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  1. Guest


    How does one help an alcoholic who doesn’t want help or think he has a problem.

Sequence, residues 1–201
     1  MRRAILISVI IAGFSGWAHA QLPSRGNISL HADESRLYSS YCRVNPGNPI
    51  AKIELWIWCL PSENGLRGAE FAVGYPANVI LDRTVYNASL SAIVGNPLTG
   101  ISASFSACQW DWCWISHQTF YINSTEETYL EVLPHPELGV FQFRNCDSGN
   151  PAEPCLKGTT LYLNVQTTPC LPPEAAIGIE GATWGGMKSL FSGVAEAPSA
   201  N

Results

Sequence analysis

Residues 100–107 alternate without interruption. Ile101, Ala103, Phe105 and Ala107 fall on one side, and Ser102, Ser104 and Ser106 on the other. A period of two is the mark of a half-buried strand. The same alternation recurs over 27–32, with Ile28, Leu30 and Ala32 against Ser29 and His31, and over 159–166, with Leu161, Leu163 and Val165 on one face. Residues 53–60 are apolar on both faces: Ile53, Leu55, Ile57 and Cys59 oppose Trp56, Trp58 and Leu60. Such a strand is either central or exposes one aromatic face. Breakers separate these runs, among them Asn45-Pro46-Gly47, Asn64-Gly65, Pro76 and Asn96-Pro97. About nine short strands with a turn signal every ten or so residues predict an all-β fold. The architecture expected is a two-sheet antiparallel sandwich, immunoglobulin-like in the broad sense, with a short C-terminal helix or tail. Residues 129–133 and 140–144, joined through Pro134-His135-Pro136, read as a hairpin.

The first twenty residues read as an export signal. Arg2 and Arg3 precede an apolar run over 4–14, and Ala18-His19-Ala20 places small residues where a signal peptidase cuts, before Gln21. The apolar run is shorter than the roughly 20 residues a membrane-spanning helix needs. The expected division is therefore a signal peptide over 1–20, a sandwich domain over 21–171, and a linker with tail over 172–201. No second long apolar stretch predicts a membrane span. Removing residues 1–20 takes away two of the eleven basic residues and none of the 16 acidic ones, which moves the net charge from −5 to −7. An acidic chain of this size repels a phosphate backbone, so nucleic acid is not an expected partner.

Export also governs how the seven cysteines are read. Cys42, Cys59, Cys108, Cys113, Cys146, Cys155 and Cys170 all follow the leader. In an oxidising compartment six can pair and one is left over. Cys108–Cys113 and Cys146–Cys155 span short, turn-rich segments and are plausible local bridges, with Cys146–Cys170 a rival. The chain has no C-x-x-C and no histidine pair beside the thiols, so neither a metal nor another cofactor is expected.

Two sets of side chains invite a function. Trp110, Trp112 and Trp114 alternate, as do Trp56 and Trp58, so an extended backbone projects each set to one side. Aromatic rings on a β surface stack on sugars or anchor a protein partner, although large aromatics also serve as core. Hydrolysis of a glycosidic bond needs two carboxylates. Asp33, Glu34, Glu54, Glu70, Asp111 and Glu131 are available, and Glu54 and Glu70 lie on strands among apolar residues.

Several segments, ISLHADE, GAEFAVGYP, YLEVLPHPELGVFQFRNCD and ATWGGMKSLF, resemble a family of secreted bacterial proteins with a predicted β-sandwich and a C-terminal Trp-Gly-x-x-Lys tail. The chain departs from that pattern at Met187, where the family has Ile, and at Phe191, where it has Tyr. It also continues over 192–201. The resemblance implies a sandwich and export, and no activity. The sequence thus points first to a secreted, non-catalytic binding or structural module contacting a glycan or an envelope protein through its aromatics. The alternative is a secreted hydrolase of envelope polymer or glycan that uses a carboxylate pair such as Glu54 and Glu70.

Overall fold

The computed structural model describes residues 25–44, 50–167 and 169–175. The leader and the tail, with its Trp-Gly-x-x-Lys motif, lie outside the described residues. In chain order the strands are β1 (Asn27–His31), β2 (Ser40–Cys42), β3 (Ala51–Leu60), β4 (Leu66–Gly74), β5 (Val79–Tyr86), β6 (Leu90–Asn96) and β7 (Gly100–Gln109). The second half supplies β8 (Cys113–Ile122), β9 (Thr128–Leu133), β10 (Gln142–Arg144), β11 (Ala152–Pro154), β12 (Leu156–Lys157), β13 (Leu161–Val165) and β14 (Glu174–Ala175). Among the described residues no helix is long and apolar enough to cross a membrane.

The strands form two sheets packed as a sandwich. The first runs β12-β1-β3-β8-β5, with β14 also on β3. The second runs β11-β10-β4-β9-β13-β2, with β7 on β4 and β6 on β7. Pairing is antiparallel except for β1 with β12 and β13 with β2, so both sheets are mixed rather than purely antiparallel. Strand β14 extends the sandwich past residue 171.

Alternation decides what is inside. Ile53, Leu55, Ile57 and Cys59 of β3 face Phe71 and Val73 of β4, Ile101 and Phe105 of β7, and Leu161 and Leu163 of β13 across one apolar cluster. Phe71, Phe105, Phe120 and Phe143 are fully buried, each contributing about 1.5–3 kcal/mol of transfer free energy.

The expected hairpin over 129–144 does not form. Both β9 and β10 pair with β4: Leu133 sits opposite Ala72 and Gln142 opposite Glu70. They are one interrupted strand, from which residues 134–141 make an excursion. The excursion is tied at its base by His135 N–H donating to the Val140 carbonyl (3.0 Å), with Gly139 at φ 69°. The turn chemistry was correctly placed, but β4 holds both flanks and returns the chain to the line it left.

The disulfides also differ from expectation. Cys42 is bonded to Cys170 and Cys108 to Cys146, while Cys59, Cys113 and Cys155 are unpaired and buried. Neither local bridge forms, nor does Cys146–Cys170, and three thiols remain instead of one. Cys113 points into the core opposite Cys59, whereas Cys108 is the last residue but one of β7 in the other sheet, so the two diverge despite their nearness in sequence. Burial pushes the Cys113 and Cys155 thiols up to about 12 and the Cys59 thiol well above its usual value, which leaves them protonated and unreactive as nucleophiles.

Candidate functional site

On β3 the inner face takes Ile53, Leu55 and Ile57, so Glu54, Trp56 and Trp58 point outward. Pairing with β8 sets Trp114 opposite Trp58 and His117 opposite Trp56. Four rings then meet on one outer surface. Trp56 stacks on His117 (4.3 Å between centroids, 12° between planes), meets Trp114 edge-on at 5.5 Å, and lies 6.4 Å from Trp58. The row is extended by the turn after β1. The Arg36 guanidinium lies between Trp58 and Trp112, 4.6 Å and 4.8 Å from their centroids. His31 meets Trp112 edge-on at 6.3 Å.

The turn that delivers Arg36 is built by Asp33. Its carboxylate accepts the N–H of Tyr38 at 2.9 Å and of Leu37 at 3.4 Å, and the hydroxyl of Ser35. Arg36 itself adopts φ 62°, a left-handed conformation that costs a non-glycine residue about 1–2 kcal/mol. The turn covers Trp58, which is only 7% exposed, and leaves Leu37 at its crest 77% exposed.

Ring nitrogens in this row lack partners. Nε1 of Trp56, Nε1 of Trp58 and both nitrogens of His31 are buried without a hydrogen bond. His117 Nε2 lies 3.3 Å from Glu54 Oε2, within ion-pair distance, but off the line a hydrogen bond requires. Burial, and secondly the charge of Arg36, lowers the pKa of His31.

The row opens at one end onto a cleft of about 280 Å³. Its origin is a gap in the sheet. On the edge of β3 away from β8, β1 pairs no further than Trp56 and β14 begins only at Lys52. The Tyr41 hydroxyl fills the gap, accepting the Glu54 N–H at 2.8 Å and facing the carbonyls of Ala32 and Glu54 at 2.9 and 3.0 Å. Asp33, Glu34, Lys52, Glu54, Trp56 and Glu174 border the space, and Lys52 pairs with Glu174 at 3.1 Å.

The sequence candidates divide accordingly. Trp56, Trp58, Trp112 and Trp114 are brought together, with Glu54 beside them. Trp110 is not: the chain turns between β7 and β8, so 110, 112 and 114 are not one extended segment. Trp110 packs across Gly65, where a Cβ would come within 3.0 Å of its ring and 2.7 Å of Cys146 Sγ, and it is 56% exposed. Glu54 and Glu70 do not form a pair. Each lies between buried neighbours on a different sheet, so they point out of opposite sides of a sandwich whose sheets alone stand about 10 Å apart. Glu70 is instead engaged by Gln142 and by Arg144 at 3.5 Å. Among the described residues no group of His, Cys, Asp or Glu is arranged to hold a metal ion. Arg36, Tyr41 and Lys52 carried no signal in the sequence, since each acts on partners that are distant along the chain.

2. The stigma stopping Sikh women getting help with alcohol addiction By Gurvinder Gill BBC Asian Network 15 July 2017 http://www.bbc.co.uk/news/uk-england-40613289 Punjabi Sikh women with drinking problems are less likely to come forward for help because of the fear of stigma and shame, a West Midlands alcohol support group says. Drinking alcohol is often associated with the Punjabi culture, but is prohibited in Sikhism. Baptised Sikhs are forbidden from drinking but some non-baptised Sikhs do consume alcohol. Whilst the vast majority of those who do drink have no problem, a small number of Punjabi Sikh women are affected. Data collected by Birmingham-based charity Aquarius showed 16% of service users who received help for alcohol misuse in 2011-2012 identified as Asian or Asian British. A small survey carried out by the charity found 57% of people from this community, the majority of whom were Sikh, said shame was a reason for not getting help. Professor Sarah Galvani from Bedfordshire University, who carried out the research, said younger women's drinking was seen to be increasing. "The reason for that was primarily that these women were growing up in much more westernised communities, where women's drinking was acceptable," she said. "They were adopting some of those behaviours of the community they were growing up, but still living within a community that had quite traditional views about women's drinking." Image caption Jennifer Shergill from the Shanti project is encouraging people to get help Jennifer Shergill from the Shanti project, which encourages people to get help with their addictions and offers services in Punjabi, says the issue seems to be religion versus culture. "Culture is kind of the thing that we need to focus on when we're talking about Punjabi alcohol misuse, the kind of culture that's prevalent in media, when people get together, in weddings and birthday parties, that kind of drinking in social groups," she said. Pardip Samra, from Edgbaston, Birmingham, is setting up a women-only support group, helping Asian women who may be addicted to alcohol. She said she also had an issue with drinking. "I became dependent on it almost every day. I blamed it on work, I blamed it on family but it was never the drink, it was always something else," she said. Ms Samra believes alcohol dependency-related issues need to be spoken about more and wants other women to know there is help available. Mandeep's story Mandeep - not her real name - is a Punjabi Sikh in her 30s. She started drinking alcohol with her friends when in college and 10 years ago realised she had a drinking problem. "I subconsciously knew my drinking wasn't normal because I could easily consume more than those around me. It's like just drinking to shut off your head and make yourself numb again," she said. When she told her family she was an alcoholic, some of her relatives were in denial. "They were like, 'No you haven't, no you haven't'. They didn't really react because they didn't really believe in the fact that it's a problem." In the past, Mandeep has relapsed but this time, with the help of the Shanti project, she is hopeful about her recovery and wants to help other Punjabi Sikh women like herself in the future. You can hear the full documentary, The Hidden Alcohol Addiction: Punjabi Sikh Women Speak Out, on the BBC Asian Network iPlayer.
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